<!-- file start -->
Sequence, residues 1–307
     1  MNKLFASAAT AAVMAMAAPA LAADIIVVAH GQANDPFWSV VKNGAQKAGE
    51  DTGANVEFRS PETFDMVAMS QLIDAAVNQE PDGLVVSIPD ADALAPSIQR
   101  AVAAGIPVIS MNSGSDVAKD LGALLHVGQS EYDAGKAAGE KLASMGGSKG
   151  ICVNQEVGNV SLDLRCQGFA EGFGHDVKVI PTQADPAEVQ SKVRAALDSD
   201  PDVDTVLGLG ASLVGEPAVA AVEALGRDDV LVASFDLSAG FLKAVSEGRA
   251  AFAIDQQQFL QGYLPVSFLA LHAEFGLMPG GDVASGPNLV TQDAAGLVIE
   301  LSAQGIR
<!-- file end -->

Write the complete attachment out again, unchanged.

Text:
Sequence, residues 1–307
     1  MNKLFASAAT AAVMAMAAPA LAADIIVVAH GQANDPFWSV VKNGAQKAGE
    51  DTGANVEFRS PETFDMVAMS QLIDAAVNQE PDGLVVSIPD ADALAPSIQR
   101  AVAAGIPVIS MNSGSDVAKD LGALLHVGQS EYDAGKAAGE KLASMGGSKG
   151  ICVNQEVGNV SLDLRCQGFA EGFGHDVKVI PTQADPAEVQ SKVRAALDSD
   201  PDVDTVLGLG ASLVGEPAVA AVEALGRDDV LVASFDLSAG FLKAVSEGRA
   251  AFAIDQQQFL QGYLPVSFLA LHAEFGLMPG GDVASGPNLV TQDAAGLVIE
   301  LSAQGIR